Binge the entire first and second seasons of Baroness von Sketch Show now on IFC.com and the IFC app.

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G.I. Jeez

Stomach Bugs and Prom Dates

E.Coli High is in your gut and on IFC's Comedy Crib.

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Brothers-in-law Kevin Barker and Ben Miller have just made the mother of all Comedy Crib series, in the sense that their Comedy Crib series is a big deal and features a hot mom. Animated, funny, and full of horrible bacteria, the series juxtaposes timeless teen dilemmas and gut-busting GI infections to create a bite-sized narrative that’s both sketchy and captivating. The two sat down, possibly in the same house, to answer some questions for us about the series. Let’s dig in….

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IFC: How would you describe E.Coli High to a fancy network executive you just met in an elevator?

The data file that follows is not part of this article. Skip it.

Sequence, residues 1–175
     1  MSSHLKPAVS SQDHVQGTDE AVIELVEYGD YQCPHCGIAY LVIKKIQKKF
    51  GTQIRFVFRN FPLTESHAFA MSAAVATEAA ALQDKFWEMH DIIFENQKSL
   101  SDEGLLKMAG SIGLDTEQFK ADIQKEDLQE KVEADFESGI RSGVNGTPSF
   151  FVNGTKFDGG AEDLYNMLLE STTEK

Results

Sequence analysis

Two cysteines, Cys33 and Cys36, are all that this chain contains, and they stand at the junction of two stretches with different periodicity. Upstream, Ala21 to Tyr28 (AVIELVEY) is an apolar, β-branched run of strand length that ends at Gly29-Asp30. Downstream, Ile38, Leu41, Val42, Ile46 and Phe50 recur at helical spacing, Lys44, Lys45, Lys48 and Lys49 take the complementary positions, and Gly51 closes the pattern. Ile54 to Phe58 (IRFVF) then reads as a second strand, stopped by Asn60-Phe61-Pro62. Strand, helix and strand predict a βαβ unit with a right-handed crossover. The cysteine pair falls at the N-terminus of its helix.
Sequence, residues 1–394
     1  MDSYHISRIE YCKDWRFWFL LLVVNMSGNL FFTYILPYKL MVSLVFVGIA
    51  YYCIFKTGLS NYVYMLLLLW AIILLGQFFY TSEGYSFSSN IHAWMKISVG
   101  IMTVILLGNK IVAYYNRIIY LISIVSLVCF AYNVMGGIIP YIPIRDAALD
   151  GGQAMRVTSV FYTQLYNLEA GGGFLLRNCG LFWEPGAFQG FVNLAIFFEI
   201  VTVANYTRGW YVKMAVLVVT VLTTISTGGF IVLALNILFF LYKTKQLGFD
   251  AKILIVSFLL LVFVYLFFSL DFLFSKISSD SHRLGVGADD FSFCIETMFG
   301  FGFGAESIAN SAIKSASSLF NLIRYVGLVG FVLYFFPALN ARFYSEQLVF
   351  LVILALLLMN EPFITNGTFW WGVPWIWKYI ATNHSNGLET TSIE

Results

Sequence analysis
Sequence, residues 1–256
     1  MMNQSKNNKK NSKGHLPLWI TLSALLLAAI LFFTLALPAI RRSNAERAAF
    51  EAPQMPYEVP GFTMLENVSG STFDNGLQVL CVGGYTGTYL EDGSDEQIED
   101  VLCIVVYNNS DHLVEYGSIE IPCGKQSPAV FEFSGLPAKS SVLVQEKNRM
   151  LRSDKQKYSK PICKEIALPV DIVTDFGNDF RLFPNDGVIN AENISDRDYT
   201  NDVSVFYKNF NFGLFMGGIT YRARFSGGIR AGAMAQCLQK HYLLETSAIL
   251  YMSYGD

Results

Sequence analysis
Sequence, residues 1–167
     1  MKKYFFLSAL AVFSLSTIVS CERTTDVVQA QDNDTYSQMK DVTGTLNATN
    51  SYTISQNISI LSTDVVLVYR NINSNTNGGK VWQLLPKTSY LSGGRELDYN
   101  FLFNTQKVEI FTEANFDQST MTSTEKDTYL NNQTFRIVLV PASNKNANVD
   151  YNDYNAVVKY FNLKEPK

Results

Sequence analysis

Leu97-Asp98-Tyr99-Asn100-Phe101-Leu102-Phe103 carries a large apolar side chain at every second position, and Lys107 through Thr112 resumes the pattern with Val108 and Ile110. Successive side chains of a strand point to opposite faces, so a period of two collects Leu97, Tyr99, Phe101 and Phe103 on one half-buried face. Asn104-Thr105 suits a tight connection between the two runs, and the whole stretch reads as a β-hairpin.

BEN: Hi ummm uhh hi ok well its like umm (gets really nervous and blows it)…

KB: It’s like the Super Bowl meets the Oscars.

IFC: How would you describe E.Coli High to a drunk friend of a friend you met in a bar?

BEN: Oh wow, she’s really cute isn’t she? I’d definitely blow that too.

KB: It’s a cartoon that is happening inside your stomach RIGHT NOW, that’s why you feel like you need to throw up.

IFC: What was the genesis of E.Coli High?

KB: I had the idea for years, and when Ben (my brother-in-law, who is a special needs teacher in Philly) began drawing hilarious comics, I recruited him to design characters, animate the series, and do some writing. I’m glad I did, because Ben rules!

BEN: Kevin told me about it in a park and I was like yeah that’s a pretty good idea, but I was just being nice. I thought it was dumb at the time.

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IFC: What makes going to proms and dating moms such timeless and oddly-relatable subject matter?

BEN: Since the dawn of time everyone has had at least one friend with a hot mom. It is physically impossible to not at least make a comment about that hot mom.

KB: Who among us hasn’t dated their friend’s mom and levitated tables at a prom?

IFC: Why do you think the world is ready for this series?

BEN: There’s a lot of content now. I don’t think anyone will even notice, but it’d be cool if they did.

KB: A show about talking food poisoning bacteria is basically the same as just watching the news these days TBH.

Watch E.Coli High below and discover more NYTVF selections from years past on IFC’s Comedy Crib.